EquiFeast's magnesium journey has been interesting. Initial blood tests showed that what were regarded as perfectly normal diets were able to produce elevated blood magnesium levels. This was in complete contrast to the prevailing "wisdom" of the industry that claimed that excess magnesium was simply excreted. The firm's results were actually pre-dated by Hintz & Schryver's work by 38 years - but the feed and supplements industries have both ignored this work!
Over the years EquiFeast has worked really closely with customers (over 30,000 horses have been monitored through their "fine tuning" process) and they have moved their understanding from thinking that, while the feed firms used too much magnesium a small amount was probably a good idea to their current position that there is no justification or benefit to adding artificial magnesium to feeds or supplements except in a very tiny number of horses in quite limited, extreme situations. The most fundamental characteristic of a scientist is that he/she must be prepared to admit he is wrong. Changing products and advice as the research dictates is a characteristic of EquiFeast that the firm is very proud of.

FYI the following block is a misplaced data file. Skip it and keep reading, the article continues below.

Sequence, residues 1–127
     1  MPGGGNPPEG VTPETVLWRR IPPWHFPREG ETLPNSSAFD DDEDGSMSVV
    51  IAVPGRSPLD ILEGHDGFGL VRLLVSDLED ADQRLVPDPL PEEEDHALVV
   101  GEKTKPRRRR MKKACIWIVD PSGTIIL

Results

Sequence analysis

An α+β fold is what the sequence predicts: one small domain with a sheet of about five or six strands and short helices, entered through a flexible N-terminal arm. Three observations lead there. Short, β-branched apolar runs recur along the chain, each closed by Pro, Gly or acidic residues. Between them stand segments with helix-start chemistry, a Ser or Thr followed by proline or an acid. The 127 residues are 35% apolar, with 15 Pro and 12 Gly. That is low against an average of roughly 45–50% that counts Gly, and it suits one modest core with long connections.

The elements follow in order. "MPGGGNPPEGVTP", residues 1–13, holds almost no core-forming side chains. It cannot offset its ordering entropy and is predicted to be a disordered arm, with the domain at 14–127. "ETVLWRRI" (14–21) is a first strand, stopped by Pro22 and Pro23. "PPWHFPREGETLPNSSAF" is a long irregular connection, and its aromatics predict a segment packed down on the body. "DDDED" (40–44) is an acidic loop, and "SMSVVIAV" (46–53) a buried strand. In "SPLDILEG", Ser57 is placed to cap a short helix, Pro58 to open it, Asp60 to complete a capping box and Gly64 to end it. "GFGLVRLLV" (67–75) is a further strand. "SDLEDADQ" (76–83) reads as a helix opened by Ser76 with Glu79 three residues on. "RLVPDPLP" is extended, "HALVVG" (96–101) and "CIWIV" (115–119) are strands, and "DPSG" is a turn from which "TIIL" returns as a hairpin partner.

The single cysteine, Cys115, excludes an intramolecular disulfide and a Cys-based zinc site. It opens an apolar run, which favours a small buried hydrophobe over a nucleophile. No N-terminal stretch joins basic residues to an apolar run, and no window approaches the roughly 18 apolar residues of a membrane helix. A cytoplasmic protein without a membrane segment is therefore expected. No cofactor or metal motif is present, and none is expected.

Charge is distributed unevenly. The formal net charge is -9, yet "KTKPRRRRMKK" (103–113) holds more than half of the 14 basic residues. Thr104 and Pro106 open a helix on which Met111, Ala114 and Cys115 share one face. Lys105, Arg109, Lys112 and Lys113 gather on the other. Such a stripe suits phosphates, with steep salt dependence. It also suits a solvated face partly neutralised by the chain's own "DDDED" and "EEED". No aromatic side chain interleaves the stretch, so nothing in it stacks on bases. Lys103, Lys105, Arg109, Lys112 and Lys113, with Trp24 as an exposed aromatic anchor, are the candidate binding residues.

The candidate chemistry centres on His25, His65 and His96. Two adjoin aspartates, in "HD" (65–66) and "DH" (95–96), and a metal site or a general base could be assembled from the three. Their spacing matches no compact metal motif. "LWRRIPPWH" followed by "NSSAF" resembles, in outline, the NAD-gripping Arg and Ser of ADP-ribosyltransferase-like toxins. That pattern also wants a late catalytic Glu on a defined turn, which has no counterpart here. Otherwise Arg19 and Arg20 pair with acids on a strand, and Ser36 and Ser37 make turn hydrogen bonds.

EquiFeast’s chelated calcium technology is now finding applications outside its starting point of behaviour and performance and research is ongoing in the areas of muscles, tendons and ligaments, bones, gut function, sweating, sex hormones and dopamine release.
Beyond chelated calcium and magnesium the firm is pioneering incredibly powerful ways of supporting the immune system. It is the immune system’s job to deal with allergies as well as infections. So EquiFeast is developing an excellent reputation for ensuring that horses maintain excellent skin condition in both muddy conditions and when the flies, midges and pollen are active.
EquiFeast has tried very hard to involve academic scientists but there are a whole pile of obstacles to that. Read more about that here.
Research and innovation timeline
1994 Malcolm and Sally Green started The Birdcare Company and introduced chelated calcium to the UK cage and aviary bird supplements market.
1997 Market leader UK cage bird supplement supplier as The Birdcare Company.